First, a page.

West Virginia officials issue burning laws reminder
CHARLESTON — As spring brings more sunny days and people going outside more to enjoy outdoor activities, the West Virginia Division of Forestry wants to remind the public to be cautious throughout the spring fire season and follow safe burning laws.
Spring fire season extends from March 1 through May 31. During this period, burning is prohibited from 7 a.m. to 5 p.m. Some of the WVDOF Forest Fire Laws include that a fire must be totally extinguished before leaving for any period of time. Commercial permits to burn during the prohibited periods may be issued by the WVDOF.
Between Jan. 1 and March 25, 2021, the state has reported 312 fires and nearly 3,000 acres burned. During the same period in 2020, the state counted 158 fires and 632 acres burned. Debris burning accounts for more than 35 percent of all wildfire occurrences over the past 10 years.
One reason for the increase in fire activity in the spring is due to March’s drier weather conditions, according to Jon T. Wilson, service forester for Tyler and Doddridge counties.
“The precipitation experienced over most of the state during February did little to decrease forest fires this spring. Just as wet clothes hung outside will dry in an afternoon, so will forest leaf litter and vegetation. One dry and windy March afternoon can dry the fuels in the forest and ready them for combustion.”
The daylight burning ban from 7 a.m. and 5 p.m. is based on the presence of dead vegetation and low relative humidity. In spring and fall fire season, relative humidity levels are typically lower than in summer, but increase toward evening. Leaf litter absorbs the moisture overnight, making the material less flammable.
The WVDOF makes the initial response to forest fires and is in command of the fire until it is completely extinguished. Forestry coordinates the suppression efforts using its own and local county resources.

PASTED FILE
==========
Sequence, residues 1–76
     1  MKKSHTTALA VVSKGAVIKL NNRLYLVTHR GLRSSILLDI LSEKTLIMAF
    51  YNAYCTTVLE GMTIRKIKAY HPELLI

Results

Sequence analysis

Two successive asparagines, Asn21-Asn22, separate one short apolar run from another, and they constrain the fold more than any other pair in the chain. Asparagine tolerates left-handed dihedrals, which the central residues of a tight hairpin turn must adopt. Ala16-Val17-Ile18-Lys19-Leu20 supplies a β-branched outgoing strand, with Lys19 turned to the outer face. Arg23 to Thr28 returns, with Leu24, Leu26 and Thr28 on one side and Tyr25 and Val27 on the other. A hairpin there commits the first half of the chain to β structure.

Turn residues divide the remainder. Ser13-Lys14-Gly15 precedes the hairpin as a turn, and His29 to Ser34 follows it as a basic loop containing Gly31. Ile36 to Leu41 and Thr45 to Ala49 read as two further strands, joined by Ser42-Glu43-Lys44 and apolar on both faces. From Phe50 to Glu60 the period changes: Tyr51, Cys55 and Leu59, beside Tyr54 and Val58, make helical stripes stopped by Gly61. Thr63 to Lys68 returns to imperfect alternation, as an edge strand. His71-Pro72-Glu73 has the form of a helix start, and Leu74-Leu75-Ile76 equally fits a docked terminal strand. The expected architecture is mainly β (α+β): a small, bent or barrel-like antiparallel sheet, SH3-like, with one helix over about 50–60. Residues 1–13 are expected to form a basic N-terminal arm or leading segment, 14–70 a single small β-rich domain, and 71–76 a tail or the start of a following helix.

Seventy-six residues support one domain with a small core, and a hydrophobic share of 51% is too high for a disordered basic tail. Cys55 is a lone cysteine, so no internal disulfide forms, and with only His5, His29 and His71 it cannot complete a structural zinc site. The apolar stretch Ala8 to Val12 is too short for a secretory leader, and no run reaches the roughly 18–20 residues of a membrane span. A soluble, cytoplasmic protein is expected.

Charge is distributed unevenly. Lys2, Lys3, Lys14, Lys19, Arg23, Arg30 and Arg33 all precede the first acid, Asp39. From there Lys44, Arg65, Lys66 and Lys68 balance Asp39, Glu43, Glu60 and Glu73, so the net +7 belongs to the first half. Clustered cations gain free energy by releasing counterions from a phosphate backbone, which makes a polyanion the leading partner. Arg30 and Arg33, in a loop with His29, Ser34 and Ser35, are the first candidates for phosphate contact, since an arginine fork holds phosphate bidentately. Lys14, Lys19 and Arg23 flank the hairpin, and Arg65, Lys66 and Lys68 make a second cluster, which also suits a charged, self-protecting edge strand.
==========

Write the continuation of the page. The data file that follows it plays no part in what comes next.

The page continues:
In many areas, local volunteer fire departments may be called to join fire suppression efforts.
All Division foresters have authority to issue citations for fire code law violations. Any person or company that has caused a fire on any grass or forest land must reimburse the state for the costs incurred in the suppression of the fire. Fines for forest fires due to negligence range from $100 to $1,000, with an additional civil penalty of $200.
The WVDOF is responsible for investigating wildland arsons. The Division’s Special Operations Unit uses certified search dogs and meticulous arson investigation techniques to pursue arsonists. Forestry also enlists the eyes and ears of members of the public.
Arson accounts for approximately 22 percent of West Virginia wildfires.
Anyone with information about arsons can contact Forestry’s Special Operations Unit by calling the arson hotline at 1-800-233-FIRE, or by reporting online at wvforestry.com/report-a-violation. Additional contact information for WV Forestry’s regional offices can be found at wvforestry.com/contact-us.
Tyler Bennett can be reached at email@example.com